Back in early February, Coca-Cola (KO) and Green Mountain (GMCR) entered a strategic partnership for:
the development and introduction of The Coca-Cola Company’s global brand portfolio for use in GMCR’s forthcoming Keurig Cold™ at-home beverage system. Under the global strategic agreement, GMCR and The Coca-Cola Company will cooperate to bring the Keurig Cold™ beverage system to consumers around the world. In an effort to align long-term interests, the companies also entered into a Common Stock Purchase Agreement whereby The Coca-Cola Company will purchase a 10% minority equity position in GMCR.
The stake at the time was worth$1.25 billion, and KO raised their stake in mid May to 16%, becoming the single largest shareholder. This has obviously been very good news for GMCR’s survival, as it wasn’t too long ago that some savvy hedge fund investors seriously questioned the company’s accounting and business model. With GMCR trading within 2% of the stock’s all time highs, and sporting a $20 billion market cap, the much smaller at-home cold beverage maker SodaStream (SODA) is starting to pique my interest. The stock just yesterday made fresh 52 week lows, trading at 1x expected 2014 sales that are expected to grow 12%, and 16x 2014 earnings, expected to decline 21% from 2013’s peak of $2.48.
Since the KO/GMCR linkup, there has been a ton of speculation of who would buy SODA, ranging from logical choices like Pepsi (PEP) to Starbucks (SBUX), and the stock has been very prone to squeezes on such news with 32% short interest. Since the stock’s latest bout of takeover spec in late April (when we exited our investment portfolio position in SODA for a profit after the rumors seemed exaggerated), the stock is down 32%. Obviously few investors think it is likely to happen, with the once-largest shareholder Fidelity liquidating 82% of their stake in their latest 13f filing.
SODA’s stock chart is like watching a slow moving train-wreck, down more than 50% from the 52 week highs, and quickly approaching 4 year lows:
Before dipping my toe in the water for a speculative contarian play in the stock, I will have to get a lot more comfortable from a fundamental standpoint given the terrible price action. That’s why I am looking at the options market to see if there was a way to make a near term defined risk way to play for a bounce. Despite 30 day at-the-money implied vol (IV) recently bouncing off of 2014 lows, the stock is still a 50 vol name, implying 3% plus movement a DAY!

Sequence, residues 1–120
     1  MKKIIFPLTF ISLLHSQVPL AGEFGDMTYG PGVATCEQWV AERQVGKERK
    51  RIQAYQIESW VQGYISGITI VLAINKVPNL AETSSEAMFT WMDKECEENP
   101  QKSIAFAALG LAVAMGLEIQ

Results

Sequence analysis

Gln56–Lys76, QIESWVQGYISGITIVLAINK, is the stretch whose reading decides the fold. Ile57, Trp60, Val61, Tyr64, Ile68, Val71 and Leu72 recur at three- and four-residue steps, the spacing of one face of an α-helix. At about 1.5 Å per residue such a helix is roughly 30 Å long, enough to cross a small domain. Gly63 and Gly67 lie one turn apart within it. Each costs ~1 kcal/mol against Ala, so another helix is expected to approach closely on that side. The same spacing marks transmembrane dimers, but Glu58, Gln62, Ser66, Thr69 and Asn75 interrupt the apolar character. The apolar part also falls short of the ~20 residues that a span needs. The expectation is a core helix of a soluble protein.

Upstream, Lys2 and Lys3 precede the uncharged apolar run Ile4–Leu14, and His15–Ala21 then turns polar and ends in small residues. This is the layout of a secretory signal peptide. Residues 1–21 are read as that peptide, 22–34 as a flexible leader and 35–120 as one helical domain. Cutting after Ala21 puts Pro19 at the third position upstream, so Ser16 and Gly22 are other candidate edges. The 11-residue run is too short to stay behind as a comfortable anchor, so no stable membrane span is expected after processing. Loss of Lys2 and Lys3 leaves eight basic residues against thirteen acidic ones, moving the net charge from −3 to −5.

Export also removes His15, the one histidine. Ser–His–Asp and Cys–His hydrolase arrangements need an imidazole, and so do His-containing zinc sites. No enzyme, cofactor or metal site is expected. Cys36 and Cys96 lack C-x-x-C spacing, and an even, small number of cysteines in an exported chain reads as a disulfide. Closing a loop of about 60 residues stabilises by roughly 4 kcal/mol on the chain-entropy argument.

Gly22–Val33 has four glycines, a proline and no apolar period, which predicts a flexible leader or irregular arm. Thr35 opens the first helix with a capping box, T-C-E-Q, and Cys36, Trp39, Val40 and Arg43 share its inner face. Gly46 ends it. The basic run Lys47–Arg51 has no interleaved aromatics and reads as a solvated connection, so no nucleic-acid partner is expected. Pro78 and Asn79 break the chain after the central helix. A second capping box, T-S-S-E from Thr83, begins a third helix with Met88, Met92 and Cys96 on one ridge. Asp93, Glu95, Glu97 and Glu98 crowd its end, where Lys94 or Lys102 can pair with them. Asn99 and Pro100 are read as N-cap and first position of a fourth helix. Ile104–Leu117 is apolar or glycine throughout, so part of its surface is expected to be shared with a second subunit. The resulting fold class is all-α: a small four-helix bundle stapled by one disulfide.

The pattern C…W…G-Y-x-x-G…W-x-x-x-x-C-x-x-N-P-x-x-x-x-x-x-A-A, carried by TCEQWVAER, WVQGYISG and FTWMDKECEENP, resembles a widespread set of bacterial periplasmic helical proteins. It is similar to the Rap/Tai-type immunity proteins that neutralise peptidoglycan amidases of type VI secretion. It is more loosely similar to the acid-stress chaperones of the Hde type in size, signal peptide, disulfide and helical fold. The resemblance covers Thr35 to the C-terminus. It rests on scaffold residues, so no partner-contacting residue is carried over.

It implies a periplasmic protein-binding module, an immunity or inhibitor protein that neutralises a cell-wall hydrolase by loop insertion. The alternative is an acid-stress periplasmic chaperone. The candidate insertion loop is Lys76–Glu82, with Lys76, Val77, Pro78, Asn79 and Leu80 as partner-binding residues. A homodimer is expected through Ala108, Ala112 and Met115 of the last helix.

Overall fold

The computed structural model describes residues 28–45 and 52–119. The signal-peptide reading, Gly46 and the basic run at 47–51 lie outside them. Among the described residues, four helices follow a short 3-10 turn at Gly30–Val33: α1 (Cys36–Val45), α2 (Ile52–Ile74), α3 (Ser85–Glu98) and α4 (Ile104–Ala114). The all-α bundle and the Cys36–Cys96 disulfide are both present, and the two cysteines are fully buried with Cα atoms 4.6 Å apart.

To put SODA’s options prices in context, with the stock about $32.25, if you bought the August 32.50 straddle (long the call and the put) it would cost about $4.70, and you would need a 15% move in either direction to just break even! This is a bit of a special situation given the stock’s recent decline, and the fact the company should report Q2 earnings in this time period, but you get the point. The options market makers have their antennae up on this one and long premium directional trades in the options market will be very hard to make money.
One options trade that stuck out to me was possibly fading the near term fear, and selling the Aug 32.50 straddle at $4.70 and using the proceeds to buy the Oct 30/35 Strangle for about $4.60 (long the Oct 30 put and the Oct 35 call.) That structure benefits from a difference in implied volatility between the months but with August catching the earnings report and currently around 55 vol, we’d probably want to wait a little on the trade to get maximum earnings vol of closer to 70. We are going to do a deeper dive on the fundamentals and try to arrive at a directional trade that makes sense, but in the meantime we thought we would introduce a trade structure that could be interesting as we get closer to Q2 earnings.